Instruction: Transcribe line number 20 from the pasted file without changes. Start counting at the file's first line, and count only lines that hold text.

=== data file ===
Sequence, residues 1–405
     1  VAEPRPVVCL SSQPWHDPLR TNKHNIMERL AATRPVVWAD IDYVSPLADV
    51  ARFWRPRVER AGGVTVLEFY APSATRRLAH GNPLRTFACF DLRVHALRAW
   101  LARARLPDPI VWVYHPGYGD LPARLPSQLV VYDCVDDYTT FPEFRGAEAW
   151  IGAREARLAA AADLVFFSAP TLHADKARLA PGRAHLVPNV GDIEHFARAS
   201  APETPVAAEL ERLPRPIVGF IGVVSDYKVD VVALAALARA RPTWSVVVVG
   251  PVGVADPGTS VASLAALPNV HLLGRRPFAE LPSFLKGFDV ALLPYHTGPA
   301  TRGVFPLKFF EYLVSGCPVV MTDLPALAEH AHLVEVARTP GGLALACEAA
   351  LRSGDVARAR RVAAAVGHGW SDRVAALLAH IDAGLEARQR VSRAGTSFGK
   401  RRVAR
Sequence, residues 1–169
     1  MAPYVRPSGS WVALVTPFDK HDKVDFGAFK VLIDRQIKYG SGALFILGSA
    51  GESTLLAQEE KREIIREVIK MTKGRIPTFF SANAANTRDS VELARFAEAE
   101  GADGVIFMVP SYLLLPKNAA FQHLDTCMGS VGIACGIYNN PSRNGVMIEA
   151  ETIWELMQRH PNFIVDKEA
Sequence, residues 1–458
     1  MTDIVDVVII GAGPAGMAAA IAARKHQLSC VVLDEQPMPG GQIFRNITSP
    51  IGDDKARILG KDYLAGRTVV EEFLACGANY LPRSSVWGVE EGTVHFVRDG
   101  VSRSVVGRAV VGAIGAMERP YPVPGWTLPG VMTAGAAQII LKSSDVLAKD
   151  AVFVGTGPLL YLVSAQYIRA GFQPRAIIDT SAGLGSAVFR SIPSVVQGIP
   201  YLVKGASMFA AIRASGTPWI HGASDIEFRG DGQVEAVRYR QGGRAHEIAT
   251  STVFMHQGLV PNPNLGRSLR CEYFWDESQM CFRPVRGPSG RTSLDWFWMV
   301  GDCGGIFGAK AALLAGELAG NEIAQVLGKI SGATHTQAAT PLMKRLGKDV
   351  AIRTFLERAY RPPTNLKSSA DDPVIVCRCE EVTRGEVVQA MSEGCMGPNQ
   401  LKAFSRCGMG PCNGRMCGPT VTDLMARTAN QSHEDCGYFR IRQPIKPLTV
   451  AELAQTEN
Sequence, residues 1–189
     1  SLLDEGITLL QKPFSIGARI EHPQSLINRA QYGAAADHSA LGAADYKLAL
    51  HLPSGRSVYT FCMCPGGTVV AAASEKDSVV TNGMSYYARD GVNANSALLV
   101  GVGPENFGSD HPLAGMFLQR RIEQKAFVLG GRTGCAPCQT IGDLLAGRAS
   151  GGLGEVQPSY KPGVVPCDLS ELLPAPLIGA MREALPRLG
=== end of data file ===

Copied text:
   151  AVFVGTGPLL YLVSAQYIRA GFQPRAIIDT SAGLGSAVFR SIPSVVQGIP